Bynum's history of injury has created an atmosphere for fear that each false step or turn of the ankle could lead to another disatrous malady for a player whose promising career has been defined by his inability to stay healthy.
It's remarkable that under that pretense, Bynum has found a way to still compete like every game is his last, and push the thought of injury to the back of his mind in his quest to help the Lakers achieve a historical NBA three-peat.
Teammate Pau Gasol could learn a few things from Bynum.
I'm sure that the threat of hurting his knee still scares Bynum and after his latest injury the pain and fear that accompanies the uncertainty of severity was evident on his face as he sat huddled on the court.
In Game 1 of the Lakers first round playoff series against the New Orleans Hornets, Bynum was tentative on both ends of the court, as he attempted to gauge how much pressure his surgically repaired knee could stand.
Bynum must have felt comfortable with the results, because there was certainly nothing tentative about his performance in Game 2, as his 17 points and 11 rebounds helped the Lakers even the series at one game apiece.
The numbers are great, but more importantly, Bynum was playing with the same type of aggressiveness, toughness and heart that he displayed prior to being injured late in the regular season against the San Antonio Spurs.
Bynum found a way to channel his fear into energy on the court and it's a lesson that he should share with the struggling Gasol.
Gasol has combined for a grand total of 16 points in the Lakers first two playoff games and he has been Bynum's polar opposite when it comes to playing with intensity in the paint.
For whatever reason, Gasol just doesn't seem fully engaged with the importance of the task at hand; not even sincere words from Kobe Bryant nor intense scoldings from Bynum have seemed to have any effect on Gasol.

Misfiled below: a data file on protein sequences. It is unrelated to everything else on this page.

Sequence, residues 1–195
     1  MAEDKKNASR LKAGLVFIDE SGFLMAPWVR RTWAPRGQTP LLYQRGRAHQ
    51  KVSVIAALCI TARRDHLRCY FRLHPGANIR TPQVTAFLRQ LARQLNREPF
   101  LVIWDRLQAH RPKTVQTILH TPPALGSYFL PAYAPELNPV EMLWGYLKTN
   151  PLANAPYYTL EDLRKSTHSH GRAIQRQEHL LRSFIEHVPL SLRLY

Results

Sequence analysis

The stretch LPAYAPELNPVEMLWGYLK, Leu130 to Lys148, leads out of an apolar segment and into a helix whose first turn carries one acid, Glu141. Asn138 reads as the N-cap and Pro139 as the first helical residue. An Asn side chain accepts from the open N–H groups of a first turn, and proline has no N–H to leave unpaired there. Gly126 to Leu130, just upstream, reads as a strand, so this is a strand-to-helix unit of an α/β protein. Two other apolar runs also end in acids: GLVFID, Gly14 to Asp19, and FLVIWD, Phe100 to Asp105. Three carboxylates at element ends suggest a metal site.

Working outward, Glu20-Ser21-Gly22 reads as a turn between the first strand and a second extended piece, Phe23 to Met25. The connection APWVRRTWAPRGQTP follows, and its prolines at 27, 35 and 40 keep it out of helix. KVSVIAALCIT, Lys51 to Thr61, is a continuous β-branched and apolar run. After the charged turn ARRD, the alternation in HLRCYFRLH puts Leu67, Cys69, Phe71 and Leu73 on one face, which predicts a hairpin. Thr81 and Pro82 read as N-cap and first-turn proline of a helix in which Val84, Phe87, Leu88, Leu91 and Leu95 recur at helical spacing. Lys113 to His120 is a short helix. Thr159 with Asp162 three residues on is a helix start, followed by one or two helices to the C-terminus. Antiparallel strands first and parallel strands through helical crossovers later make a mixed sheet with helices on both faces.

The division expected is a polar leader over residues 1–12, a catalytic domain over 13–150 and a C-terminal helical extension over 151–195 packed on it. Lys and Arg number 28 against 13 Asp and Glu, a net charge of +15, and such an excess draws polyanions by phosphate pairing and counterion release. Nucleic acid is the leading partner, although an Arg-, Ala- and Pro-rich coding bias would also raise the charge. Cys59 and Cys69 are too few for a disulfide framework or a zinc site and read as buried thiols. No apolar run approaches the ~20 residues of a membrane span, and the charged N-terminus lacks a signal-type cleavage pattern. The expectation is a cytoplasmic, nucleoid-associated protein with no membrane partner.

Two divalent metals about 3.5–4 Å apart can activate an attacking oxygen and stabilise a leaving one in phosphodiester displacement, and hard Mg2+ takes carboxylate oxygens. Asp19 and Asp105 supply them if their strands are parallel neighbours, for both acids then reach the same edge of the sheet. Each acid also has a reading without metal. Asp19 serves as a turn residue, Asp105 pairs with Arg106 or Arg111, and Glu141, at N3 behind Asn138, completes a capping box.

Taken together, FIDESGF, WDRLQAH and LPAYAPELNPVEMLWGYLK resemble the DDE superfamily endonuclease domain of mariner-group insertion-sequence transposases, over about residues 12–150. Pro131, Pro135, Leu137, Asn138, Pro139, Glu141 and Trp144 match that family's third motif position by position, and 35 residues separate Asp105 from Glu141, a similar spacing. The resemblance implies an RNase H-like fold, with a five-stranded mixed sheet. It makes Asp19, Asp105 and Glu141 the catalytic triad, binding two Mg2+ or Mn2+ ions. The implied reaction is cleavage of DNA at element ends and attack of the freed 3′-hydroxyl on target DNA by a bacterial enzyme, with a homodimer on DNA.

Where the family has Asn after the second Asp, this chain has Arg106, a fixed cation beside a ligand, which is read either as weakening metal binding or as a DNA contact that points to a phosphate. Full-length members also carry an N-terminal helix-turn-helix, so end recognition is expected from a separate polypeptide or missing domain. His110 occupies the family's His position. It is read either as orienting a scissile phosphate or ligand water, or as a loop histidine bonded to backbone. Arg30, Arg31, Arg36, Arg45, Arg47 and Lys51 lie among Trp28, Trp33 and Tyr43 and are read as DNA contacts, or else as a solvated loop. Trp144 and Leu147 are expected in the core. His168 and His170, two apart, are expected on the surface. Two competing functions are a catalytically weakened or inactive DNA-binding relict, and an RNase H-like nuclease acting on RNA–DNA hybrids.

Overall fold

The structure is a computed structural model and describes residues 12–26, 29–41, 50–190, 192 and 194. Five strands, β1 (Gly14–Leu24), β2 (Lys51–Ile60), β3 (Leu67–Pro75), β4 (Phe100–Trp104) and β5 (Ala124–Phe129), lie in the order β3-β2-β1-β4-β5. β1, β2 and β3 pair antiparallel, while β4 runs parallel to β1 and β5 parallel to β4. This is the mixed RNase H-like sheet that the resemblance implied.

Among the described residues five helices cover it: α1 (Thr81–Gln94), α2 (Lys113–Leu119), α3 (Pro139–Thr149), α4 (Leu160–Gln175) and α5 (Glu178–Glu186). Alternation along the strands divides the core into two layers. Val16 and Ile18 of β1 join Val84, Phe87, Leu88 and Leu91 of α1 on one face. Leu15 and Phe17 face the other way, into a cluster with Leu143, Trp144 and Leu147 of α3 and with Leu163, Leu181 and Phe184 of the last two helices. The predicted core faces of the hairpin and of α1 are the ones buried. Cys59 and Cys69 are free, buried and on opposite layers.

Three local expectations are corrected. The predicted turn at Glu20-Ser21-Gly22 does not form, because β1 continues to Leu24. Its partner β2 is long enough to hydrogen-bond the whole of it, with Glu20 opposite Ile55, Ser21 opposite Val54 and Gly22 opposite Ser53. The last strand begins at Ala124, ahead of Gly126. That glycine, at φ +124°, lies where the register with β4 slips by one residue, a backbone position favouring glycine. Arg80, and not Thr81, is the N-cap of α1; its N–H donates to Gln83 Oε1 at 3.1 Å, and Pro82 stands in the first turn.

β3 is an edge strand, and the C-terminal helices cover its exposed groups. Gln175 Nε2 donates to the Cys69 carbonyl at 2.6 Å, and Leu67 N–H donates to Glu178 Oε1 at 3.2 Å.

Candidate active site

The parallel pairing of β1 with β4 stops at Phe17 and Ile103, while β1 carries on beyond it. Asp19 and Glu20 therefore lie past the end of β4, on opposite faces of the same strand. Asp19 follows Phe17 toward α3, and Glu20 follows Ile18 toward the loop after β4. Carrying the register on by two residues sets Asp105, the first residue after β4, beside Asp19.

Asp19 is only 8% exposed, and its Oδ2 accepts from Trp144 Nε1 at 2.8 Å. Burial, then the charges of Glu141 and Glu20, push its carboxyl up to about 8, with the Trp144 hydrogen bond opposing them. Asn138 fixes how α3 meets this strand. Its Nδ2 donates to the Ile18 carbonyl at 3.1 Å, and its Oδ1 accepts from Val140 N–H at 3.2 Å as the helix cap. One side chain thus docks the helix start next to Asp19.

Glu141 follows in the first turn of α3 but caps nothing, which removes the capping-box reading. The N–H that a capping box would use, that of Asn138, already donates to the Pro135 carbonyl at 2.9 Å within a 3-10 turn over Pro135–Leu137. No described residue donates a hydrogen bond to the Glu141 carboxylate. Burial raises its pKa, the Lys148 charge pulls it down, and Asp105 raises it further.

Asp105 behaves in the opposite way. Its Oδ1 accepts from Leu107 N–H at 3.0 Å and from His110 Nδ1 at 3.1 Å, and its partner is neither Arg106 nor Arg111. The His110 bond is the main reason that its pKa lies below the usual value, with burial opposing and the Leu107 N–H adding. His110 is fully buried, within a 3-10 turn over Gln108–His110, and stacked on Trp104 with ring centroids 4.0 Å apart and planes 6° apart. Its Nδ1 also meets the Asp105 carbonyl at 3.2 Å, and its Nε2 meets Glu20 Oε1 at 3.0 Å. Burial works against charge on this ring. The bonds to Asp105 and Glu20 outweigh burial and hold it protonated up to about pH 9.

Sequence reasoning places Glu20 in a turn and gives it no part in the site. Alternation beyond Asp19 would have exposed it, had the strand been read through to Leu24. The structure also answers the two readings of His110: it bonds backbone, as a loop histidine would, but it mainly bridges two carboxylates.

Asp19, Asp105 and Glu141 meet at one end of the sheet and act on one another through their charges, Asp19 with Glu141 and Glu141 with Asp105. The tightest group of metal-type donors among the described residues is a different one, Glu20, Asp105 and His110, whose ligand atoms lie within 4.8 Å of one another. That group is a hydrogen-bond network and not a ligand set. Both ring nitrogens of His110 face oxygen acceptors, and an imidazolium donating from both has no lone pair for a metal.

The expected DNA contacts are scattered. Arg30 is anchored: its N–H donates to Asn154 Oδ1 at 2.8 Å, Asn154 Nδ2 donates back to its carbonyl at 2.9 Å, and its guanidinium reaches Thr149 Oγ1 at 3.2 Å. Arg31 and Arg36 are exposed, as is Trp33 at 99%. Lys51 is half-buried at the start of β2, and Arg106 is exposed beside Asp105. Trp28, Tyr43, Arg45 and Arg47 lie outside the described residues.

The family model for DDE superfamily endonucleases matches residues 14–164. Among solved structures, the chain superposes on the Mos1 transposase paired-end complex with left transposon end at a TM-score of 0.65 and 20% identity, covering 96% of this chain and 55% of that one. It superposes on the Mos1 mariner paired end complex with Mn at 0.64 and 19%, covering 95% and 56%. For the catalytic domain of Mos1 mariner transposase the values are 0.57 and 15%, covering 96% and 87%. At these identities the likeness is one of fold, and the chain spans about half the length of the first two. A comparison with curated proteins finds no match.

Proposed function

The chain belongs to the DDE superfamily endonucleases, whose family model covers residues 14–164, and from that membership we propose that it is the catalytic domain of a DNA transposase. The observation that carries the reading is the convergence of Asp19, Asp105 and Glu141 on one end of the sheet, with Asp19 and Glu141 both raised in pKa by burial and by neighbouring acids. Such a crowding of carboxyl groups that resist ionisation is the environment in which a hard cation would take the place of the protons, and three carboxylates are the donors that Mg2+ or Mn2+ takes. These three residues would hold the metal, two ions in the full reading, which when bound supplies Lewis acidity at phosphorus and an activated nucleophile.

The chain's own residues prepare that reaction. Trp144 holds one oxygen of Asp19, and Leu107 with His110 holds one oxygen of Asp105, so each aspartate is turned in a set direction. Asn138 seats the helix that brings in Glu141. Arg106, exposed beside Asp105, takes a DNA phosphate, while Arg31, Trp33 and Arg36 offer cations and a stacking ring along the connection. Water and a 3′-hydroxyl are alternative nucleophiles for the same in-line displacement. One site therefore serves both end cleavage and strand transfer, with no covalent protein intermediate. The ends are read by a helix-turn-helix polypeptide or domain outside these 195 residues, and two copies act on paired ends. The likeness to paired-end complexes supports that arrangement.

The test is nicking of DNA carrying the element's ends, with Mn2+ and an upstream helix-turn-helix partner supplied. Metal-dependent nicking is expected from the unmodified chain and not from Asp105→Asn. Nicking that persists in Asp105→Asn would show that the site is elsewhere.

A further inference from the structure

Before Game 2, Bryant said Gasol would have to find his confidence and motivation, because the team depended on he and Gasol as the team's top two players to shoulder most of the postseason burden.
Several times during Game 2, Bynum could be seen screaming into Gasol's face and imploring him to play with more aggressiveness and more heart.
Especially more heart, because standing up to the criticism and confronting the issue head on is the only way that Gasol will ever escape his image as a soft player.
Gasol must see the truth in the criticism and challenge himself to perform at a higher level and following Bynum's example is not a bad place to start.
Anyone who has ever followed Gasol knows that he will never be a physical player, but he is talented enough that he doesn't have to be. Gasol has superior ball-handling skills, great court vision and can play with his back to the basket and shoot with either hand.
The fact that he has a decent perimeter jumper and a height advantage over most opponents doesn't hurt, but whenever Gasol is faced with tough physical play, his entire game seems to crumble.
Gasol looks unsure of himself, passive and generally becomes a seven-foot player taking up space in the middle for the Lakers.
That can't happen if the Lakers do hope to realize their goals of a three-peat because at some point, the team will have to depend on Gasol's talent to bail them out.
Gasol has proved that he can play at a high level under the heat of postseason pressure and hopefully, he can draw on his past performances in the playoffs as motivation for the future.
Or Gasol can look across the lane to Bynum and be inspired by the shame he should feel after watching a player whose career is literally on the line every time he takes the court, yet still plays with that attitude.
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